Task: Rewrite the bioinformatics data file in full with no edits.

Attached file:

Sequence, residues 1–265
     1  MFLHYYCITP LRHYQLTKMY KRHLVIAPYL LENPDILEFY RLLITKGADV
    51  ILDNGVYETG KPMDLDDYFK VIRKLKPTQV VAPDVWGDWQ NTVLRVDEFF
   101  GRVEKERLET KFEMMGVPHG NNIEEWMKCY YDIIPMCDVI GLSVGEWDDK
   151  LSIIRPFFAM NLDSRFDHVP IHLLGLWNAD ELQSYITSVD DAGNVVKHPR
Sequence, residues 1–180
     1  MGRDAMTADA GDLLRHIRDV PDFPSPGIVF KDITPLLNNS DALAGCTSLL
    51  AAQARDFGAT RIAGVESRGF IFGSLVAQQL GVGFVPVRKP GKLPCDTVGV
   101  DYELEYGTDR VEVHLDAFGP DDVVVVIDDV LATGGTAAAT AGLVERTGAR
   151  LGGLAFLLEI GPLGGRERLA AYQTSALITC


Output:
Sequence, residues 1–265
     1  MFLHYYCITP LRHYQLTKMY KRHLVIAPYL LENPDILEFY RLLITKGADV
    51  ILDNGVYETG KPMDLDDYFK VIRKLKPTQV VAPDVWGDWQ NTVLRVDEFF
   101  GRVEKERLET KFEMMGVPHG NNIEEWMKCY YDIIPMCDVI GLSVGEWDDK
   151  LSIIRPFFAM NLDSRFDHVP IHLLGLWNAD ELQSYITSVD DAGNVVKHPR
Sequence, residues 1–180
     1  MGRDAMTADA GDLLRHIRDV PDFPSPGIVF KDITPLLNNS DALAGCTSLL
    51  AAQARDFGAT RIAGVESRGF IFGSLVAQQL GVGFVPVRKP GKLPCDTVGV
   101  DYELEYGTDR VEVHLDAFGP DDVVVVIDDV LATGGTAAAT AGLVERTGAR
   151  LGGLAFLLEI GPLGGRERLA AYQTSALITC